A pastor recently posted a video by a Christian journalist about the “candle demonstrations” that are taking place en masse in Korea right now. They are protesting the FTA agreement between Korea and the U.S. that they claim allows the importation of beef from cows infected with Mad Cow Disease. In his talk, the journalist argues that there is practically no chance of being infected with the disease by eating imported beef, and contends that the demonstrations are orchestrated by North Korean sympathizers whose aim is to topple the new right-wing government by creating chaos.
I don’t necessarily agree with his conclusions but the facts he presents about Mad Cow Disease seem very convincing.
Mad Cow Disease spreads when cows are fed the remnants of other slaughtered cows to hasten their growth. Since this practice was stopped, no human beings have been infected. There have been only three cases of human infection in the U.S; none of the three were longtime U.S. residents, but came from countries known to have cattle with Mad Cow Disease.
Only cows older than 30 months are infected with the disease, and the prions that cause the disease are only found in the spinal column, not the flesh. 20% of meat consumed in the U.S. comes from cows older than 30 months. The disease does not affect cows younger than 30 months, but there have been rare occasions when prions were found in the first and the last parts of the vertebrae. So when ribs are sold, these two portions are cut off to ensure safety.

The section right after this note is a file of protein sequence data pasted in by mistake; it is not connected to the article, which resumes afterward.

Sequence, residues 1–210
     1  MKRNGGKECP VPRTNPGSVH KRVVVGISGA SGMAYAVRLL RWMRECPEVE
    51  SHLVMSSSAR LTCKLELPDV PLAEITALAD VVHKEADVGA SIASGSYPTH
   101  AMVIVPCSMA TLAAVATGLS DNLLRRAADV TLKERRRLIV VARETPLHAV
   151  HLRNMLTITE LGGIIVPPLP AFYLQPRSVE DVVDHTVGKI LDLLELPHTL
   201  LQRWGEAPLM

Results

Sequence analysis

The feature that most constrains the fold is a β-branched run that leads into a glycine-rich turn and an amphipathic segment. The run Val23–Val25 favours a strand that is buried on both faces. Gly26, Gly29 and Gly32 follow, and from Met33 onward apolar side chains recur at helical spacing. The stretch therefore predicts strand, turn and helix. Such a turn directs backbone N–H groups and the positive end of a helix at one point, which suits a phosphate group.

The demonstrators have no rational cause. I think the real motivation behind the tens of thousands of demonstrators is anger at the South Korean and U.S. governments. The newly elected President filled high government offices with wealthy people who some suspect of amassing their fortunes through dubious means. Koreans are also angry because they feel that the government was forced into an unfair deal by the U.S.
If so, they should protest against the new regime in Korea or the U.S. government, not against imported beef, which is based on fault and inaccurate information. It makes them look foolish to the rest of the world.
The pastor who posted the video eventually removed it after he received hate mail and his church web page was filled with remarks attacking him. He was afraid that his post might harm the house church movement by creating negative reactions. Apparently there are people who try to muzzle people with different opinions from their own.
We live in an age when rumors spread instantaneously through the Internet and TV. We have seen people’s lives and companies’ reputations destroyed by groundless rumors. Satan is called the Father of Lies (John 8:44). People who spread falsehoods are children of Satan and bring destruction. I hope that Christians at least make sure that bad things said about a person or group are indeed true before they believe them.
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